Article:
EQIP - Confined Livestock 2009
EQIP — Environmental Quality Incentives Program
Most Common Conservation Practices
— Confined Livestock
The Environmental Quality Incentives Program (EQIP) has been around since
1996 and has seen a growth in popularity and funding. EQIP is NRCS’ principal
program for delivering conservation technical and financial assistance to
private landowners. EQIP supports the needs of agricultural operations with or
without livestock by offering ideas, solutions, and guidance for a successful
and sustainable conservation operation. Practices described, and others, can be
selected and installed after developing a conservation plan designed to address
your specific resource concerns. For confined livestock operations, the
following list of conservation practices are the most commonly used.
Nutrient Management Plan (CNMP)
A CNMP is a plan that groups conservation practices and management activities
which, when implemented as part of a conservation system, will help to ensure
that both production and natural resource protection goals are achieved. Unique
to animal feeding operations, a CNMP incorporates practices to utilize animal
manure and organic by-products as beneficial resources. The CNMP documents
planned agricultural waste management system and addresses these natural
1. Soil erosion and soil quality,
2. Water quality, and
3. Air quality.
Transfer (Conservation Practice Standard 634)
Manure Transfer is a practice that transfers animal manure (bedding material,
spilled feed, process and wash water, and other residues associated with animal
production) through a hopper or reception pit, a pump (if applicable), a
conduit, or hauling equipment. It reaches from one location to another,
1. Manure storage/treatment facility,
2. Loading area, or
3. Agricultural land for final utilization.
Storage Facility (Conservation Practice Standard 313)
A Waste Storage Facility is used to temporarily store wastes (such as manure,
wastewater, and contaminated runoff). The practice can be used where:
1. A storage facility is a component of a planned agricultural waste management
2. It can be constructed, operated and maintained without polluting air or water
3. Site conditions are suitable for construction of the facility, and
4. It includes structures such as tanks, stocking facilities and holding ponds.
Management (Conservation Practice Standard 590)
Nutrient Management addresses the rate, form, timing, and placement of nutrients
to adequately supply soils and plants what they need to produce food, forage,
and fiber. The techniques, used with other conservation practices, minimize
nutrient losses from fields and protect surface and ground water supplies.
Properly applied, these practices can:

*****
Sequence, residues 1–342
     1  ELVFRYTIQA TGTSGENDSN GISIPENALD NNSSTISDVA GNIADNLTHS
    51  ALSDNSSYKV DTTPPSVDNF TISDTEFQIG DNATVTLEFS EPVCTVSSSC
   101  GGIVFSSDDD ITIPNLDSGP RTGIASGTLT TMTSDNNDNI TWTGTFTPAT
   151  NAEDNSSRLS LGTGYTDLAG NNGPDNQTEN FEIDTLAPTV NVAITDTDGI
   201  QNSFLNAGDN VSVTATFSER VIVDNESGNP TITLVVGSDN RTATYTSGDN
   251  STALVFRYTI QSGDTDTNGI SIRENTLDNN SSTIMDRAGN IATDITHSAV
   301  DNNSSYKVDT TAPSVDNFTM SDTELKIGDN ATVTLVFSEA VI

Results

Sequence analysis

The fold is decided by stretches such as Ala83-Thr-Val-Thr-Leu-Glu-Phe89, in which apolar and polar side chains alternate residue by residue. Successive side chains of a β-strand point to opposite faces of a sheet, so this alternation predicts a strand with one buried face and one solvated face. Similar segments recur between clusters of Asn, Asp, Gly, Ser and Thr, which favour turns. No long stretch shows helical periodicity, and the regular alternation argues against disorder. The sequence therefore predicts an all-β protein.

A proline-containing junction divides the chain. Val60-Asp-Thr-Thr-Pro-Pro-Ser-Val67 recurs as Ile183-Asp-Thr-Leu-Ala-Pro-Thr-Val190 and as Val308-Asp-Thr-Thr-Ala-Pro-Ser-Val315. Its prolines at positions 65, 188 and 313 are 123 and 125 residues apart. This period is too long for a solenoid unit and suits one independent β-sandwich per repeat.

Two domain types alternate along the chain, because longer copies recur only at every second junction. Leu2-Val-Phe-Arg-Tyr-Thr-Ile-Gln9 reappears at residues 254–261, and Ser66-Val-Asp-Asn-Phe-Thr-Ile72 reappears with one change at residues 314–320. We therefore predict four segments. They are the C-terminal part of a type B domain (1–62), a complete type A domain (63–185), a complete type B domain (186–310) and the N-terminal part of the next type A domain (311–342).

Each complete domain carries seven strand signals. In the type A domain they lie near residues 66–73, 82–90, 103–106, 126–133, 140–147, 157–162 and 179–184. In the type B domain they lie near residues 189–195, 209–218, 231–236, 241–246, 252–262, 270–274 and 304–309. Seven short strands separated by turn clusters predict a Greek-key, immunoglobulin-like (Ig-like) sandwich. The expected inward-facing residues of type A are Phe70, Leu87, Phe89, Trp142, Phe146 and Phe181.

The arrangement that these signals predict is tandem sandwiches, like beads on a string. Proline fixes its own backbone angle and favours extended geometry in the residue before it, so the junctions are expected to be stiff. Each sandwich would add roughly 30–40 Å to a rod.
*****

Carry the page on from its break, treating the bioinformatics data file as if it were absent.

1. Budget, supply, and conserve nutrients for plant production,
2. Minimize agricultural nonpoint source pollution of surface and groundwater
3. Use manure or organic by-products as a plant nutrient source,
4. Protect air quality by reducing odors, nitrogen emissions (ammonia, oxides of
nitrogen), and formation of atmospheric particulates, and
5. Maintain or improve the physical, chemical, and biological condition of soil.
Road (Conservation Practice Standard 560)
An Access Road is a travel-way for equipment and vehicles. When constructed as
part of a conservation system, the road provides a fixed route for vehicular
travel for management of the livestock operation and protects adjacent natural
Establishment (Conservation Practice Standard 380)
Windbreaks and Shelterbelts are linear plantings of single or multiple rows of
trees or shrubs or sets of linear plantings. In conjunction with a confined
livestock system, a windbreak can provide the following benefits:
1. Improves air quality by reducing and intercepting airborne particulate
matter, chemicals, and odors,
2. Provides living noise screens and visual screens, and
3. Provides shelter for structures or livestock.
Runoff Structure (Conservation Practice Standard 558)
A Roof Runoff Structure is typically a gutter system, used as part of an
agricultural waste management system to divert water from structures or
contaminated areas. This practice:
1. Improves runoff water quality,
2. Reduces soil erosion, and
3. Minimizes the volume of contaminated wastewater requiring treatment or
Waste Separation Facility (Conservation Practice Standard 632)
A Solid/Liquid Waste Separation Facility is a filtration or screening device,
settling tank, settling basin, or a settling channel that separates solids from
a liquid waste stream. This practice is a primary treatment process that
facilitates other treatments or uses of the waste products, such as vegetated
treatment areas, composting, feed supplement, or bedding. Benefits include :
1. Improved or protected air quality,
2. Improved or protected water quality,
3. Improved or protected animal health, and
4. Meeting management objectives.
Treatment (Conservation Practice Standard 635)
A Vegetated Treatment Area is designed to treat contaminated runoff from such
areas as feedlots, compost areas, barnyards, and other livestock holding areas.
Typically, in agricultural waste management systems, a settling basin is
positioned upstream of the vegetated treatment area to remove most of the solid
material before applying the liquid waste water to the vegetated treatment area.
As part of a waste management system, the vegetated treatment area can provide
improved water quality to reduce loading of nutrients, organics, pathogens, and
other contaminants associated with livestock, poultry, and other agricultural
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EQIP — Environmental Quality Incentives Program
Most Common Conservation Practices — Confined Livestock
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